The Wide Angle – January 22, 2008

Last month, in the Corporate Americana series, the performance of the Dow Jones Average was mapped out in relation to the Presidents of the USA on the basis that this served as a reasonable proxy to measure the country’s collective confidence and economic outlook under each Administration. Each President was then ranked from the best stock market performance as measured by the Dow (Calvin Coolidge was #1, up 247%) to the worst (Hoover, down 80%).

At the time this table was prepared (December 7th), George Bush ranked # 11 with the Dow up 29% since his inauguration on January 20, 2001 to 13625. The reason for using the Dow Average on the barometer for the political economy was that it is the longest running index available, created in 1897 by Charles Dow and Ed Jones. Updating that table to Friday’s Dow’s close, at 12099, has reduced the gain since inauguration to 14%, and bumping Bush down to # 13.



We posed the question to our readers whether such a performance valuation for Bush was consistent with economic reality — that a flattish assessment, á la Jimmy Carter, down 1%, might not be a more realistic expectation. That would mean a drop in the Dow of another 3000 points.

We further postulated what the Dow would be, using the performance benchmarks of some other past Presidents, such as Nixon and Hoover. Updating this to the Dow’s closing last Friday, January 18th, here is the forecast ~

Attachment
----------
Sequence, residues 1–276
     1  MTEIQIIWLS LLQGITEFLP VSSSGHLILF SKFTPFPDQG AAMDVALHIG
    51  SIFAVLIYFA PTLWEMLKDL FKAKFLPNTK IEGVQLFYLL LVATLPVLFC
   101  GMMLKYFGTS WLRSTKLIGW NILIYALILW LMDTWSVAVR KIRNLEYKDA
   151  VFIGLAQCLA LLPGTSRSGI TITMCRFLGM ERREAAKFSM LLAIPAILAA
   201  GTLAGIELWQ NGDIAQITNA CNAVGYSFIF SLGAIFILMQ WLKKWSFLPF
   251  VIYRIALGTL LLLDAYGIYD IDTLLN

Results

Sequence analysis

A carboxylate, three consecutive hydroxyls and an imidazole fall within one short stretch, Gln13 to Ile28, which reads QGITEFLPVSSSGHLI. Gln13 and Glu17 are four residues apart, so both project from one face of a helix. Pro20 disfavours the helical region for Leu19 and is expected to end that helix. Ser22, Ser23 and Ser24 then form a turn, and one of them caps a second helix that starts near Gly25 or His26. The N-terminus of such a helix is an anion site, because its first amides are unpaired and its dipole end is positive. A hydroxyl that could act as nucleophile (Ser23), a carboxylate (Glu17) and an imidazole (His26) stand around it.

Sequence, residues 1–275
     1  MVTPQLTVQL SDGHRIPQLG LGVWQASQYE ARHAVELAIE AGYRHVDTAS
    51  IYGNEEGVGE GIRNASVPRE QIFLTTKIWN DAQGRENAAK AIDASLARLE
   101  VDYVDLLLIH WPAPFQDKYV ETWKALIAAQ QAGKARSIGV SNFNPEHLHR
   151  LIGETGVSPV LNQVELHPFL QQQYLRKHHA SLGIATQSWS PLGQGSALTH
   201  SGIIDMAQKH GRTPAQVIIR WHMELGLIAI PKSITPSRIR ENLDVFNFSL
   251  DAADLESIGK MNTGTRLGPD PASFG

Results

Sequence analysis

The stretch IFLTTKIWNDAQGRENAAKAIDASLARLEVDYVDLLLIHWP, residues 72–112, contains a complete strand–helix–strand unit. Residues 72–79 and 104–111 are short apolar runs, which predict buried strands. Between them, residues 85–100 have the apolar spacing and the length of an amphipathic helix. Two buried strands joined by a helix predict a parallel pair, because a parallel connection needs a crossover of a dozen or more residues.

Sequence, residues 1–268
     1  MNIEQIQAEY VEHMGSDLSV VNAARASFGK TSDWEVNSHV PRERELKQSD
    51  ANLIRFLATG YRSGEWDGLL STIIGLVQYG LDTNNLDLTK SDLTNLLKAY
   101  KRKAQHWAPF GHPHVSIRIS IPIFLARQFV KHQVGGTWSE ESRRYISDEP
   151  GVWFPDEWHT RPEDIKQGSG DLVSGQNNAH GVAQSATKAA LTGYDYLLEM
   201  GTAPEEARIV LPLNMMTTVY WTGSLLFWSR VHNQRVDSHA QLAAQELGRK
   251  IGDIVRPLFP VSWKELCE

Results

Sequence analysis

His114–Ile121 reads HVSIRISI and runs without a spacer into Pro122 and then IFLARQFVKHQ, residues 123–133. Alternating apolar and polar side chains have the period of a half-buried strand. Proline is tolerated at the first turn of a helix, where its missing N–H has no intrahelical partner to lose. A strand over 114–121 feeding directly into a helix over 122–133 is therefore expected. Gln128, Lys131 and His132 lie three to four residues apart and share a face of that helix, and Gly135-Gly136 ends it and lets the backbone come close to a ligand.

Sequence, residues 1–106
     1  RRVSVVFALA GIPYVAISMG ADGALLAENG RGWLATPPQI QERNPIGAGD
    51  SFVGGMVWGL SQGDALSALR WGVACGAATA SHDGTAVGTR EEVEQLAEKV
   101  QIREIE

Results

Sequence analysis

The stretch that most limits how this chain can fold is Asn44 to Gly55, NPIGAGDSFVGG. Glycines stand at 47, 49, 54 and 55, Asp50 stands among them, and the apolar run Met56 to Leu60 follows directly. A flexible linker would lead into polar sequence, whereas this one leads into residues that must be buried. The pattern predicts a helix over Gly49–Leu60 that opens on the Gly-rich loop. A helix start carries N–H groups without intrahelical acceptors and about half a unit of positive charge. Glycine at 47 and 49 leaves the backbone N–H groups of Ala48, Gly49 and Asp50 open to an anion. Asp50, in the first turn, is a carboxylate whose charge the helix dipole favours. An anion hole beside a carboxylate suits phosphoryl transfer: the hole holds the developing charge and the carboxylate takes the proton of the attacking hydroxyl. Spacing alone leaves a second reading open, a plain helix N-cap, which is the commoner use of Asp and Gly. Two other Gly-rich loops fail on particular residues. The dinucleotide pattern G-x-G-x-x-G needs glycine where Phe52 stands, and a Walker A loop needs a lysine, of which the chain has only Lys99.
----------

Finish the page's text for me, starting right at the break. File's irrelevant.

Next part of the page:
A President Carter Performance Valuation, down 1% from the Dow Average when Bush was inaugurated means a Dow closing at 10474, or down another 1625 points from here by January 20, 2009;
A President Nixon Performance Valuation, down 26%…Dow at 7829 or down another 2751 from here by January 20, 2009;
A President Hoover Performance Valuation, down 80%…Dow at 2116 or down another 8464 points from here by January 20, 2009.

While there are indeed some equities that still warrant investors’ attention — and two are mentioned in today’s edition of Ronin’s Daily Views, IF you can overlook the rhetoric from the media and the government, and recognize the stock market may be headed lower, you might be doing your portfolio a favor.

Consider the selling of the Diamond Trust (stock symbol DIA, last Friday’s closing: $120.57). This is a trust that represents about 1% of the Dow Jones Average. It is in near-perfect correlation to the price movements of the Dow Average. Here’s the graph.



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